Birmingham astronomers were among a team of European scientists to discover evidence of elusive low frequency gravitational waves after studying data collected over two decades.
The discovery builds on the Nobel Prize-winning work previously conducted by international scientists, including researchers from Birmingham, which first detected gravitational waves in 2015.
Ultra-low frequency gravitational waves could reveal the best kept secrets of the Universe, including the formation of binary systems of supermassive black holes at the heart of distant galaxies — events that may have taken place when the Universe was just a few seconds old.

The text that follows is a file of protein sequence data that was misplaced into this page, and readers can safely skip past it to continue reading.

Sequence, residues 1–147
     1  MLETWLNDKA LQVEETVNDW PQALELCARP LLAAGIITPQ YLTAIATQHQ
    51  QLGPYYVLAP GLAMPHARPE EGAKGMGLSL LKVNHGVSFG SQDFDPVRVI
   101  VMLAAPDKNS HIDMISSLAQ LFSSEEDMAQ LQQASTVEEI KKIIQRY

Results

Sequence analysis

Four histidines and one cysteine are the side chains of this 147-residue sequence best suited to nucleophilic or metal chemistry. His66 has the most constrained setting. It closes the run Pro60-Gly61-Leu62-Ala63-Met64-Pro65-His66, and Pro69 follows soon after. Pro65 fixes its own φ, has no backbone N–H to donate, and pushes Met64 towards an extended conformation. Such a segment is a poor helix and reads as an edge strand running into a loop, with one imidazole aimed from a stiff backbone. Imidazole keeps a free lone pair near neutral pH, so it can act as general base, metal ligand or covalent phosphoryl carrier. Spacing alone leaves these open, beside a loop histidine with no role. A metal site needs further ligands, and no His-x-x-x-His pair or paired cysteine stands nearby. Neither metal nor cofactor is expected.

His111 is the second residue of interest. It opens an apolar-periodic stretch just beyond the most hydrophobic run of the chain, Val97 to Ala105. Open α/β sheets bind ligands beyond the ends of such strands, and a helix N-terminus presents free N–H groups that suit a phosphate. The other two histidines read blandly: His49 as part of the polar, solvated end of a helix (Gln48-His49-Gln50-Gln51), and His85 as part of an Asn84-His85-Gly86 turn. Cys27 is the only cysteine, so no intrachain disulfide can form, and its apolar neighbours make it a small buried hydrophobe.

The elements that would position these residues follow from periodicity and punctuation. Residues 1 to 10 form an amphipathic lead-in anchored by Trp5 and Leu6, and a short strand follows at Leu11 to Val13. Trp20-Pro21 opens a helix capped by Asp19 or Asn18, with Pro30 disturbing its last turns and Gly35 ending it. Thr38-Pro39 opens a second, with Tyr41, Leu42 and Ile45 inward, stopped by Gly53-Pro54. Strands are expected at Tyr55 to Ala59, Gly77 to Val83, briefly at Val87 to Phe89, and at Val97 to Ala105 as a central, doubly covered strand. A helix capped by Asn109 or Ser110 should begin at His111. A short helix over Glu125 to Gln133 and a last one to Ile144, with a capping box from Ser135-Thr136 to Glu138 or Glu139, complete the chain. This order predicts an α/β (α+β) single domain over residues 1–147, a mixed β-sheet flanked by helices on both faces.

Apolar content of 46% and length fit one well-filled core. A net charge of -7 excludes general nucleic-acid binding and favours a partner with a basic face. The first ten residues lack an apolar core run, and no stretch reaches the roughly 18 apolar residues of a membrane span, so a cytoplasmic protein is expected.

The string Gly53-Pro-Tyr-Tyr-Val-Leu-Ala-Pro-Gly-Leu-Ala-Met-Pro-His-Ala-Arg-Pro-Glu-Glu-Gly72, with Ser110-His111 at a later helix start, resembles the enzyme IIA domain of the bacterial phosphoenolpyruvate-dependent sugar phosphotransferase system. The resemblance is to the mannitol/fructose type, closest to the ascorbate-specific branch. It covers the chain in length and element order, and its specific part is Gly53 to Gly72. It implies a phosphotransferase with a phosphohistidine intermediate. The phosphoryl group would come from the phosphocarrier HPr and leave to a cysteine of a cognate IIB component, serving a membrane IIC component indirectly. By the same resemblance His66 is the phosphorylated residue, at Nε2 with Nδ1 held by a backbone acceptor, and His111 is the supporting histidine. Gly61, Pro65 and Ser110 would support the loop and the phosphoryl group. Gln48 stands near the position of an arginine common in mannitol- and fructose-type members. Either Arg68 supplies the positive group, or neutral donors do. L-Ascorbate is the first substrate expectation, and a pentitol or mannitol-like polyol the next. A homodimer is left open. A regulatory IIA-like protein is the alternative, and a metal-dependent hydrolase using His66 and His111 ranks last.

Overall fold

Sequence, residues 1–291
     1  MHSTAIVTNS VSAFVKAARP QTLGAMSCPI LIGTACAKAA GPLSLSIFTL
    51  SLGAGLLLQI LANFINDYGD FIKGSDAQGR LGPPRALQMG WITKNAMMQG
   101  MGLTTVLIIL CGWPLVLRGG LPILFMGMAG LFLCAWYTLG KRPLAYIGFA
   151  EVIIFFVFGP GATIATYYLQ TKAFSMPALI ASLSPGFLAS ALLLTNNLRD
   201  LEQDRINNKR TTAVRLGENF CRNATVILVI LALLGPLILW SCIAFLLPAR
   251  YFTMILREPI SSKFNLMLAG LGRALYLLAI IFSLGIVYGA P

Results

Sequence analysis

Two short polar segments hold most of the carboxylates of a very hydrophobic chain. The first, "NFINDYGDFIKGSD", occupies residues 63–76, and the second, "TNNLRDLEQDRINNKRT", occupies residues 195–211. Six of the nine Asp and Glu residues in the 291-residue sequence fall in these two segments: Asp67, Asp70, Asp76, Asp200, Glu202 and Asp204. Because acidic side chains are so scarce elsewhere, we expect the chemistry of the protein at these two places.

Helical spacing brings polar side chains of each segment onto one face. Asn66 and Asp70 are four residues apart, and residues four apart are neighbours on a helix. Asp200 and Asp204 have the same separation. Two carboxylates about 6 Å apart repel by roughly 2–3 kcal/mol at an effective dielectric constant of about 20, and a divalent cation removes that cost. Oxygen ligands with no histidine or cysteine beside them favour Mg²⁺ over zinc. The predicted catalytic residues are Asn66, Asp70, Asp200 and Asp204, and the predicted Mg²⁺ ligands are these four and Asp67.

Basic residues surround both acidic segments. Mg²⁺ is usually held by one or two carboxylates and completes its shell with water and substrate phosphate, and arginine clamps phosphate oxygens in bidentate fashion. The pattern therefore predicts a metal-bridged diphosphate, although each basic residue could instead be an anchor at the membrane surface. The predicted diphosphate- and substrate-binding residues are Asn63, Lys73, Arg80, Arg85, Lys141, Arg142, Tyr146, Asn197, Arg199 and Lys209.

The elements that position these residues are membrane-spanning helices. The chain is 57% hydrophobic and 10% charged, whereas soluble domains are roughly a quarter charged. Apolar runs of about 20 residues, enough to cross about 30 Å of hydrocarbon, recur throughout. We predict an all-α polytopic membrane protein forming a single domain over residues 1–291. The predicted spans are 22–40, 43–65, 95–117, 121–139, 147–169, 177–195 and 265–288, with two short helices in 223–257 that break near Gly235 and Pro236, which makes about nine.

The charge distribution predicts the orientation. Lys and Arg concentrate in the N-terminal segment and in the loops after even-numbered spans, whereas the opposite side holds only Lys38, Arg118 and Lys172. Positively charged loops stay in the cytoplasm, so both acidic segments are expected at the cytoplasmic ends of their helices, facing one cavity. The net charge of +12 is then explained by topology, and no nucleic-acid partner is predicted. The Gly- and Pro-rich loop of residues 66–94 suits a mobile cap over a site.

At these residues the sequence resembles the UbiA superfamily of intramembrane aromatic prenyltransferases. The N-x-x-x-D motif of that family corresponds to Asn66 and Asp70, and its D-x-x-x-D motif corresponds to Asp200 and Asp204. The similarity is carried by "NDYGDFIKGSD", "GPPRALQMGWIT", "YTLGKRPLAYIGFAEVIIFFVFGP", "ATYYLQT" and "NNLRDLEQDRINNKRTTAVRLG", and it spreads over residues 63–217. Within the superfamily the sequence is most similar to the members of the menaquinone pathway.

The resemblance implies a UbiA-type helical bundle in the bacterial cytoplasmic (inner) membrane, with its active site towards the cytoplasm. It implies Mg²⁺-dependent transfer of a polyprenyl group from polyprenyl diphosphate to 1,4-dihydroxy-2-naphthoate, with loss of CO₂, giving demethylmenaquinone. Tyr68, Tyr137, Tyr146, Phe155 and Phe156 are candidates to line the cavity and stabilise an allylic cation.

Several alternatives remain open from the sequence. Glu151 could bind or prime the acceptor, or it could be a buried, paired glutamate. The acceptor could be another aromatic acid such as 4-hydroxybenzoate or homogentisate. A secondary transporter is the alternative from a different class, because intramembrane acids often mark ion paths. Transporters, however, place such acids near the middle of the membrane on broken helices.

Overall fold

Scientists have been searching for these signals using six of the world’s most powerful radio telescopes, which monitor radio signals from rotating neutron stars, called pulsars.
The results may be the first direct evidence of giant black holes distorting space and time as they spiral in on each other.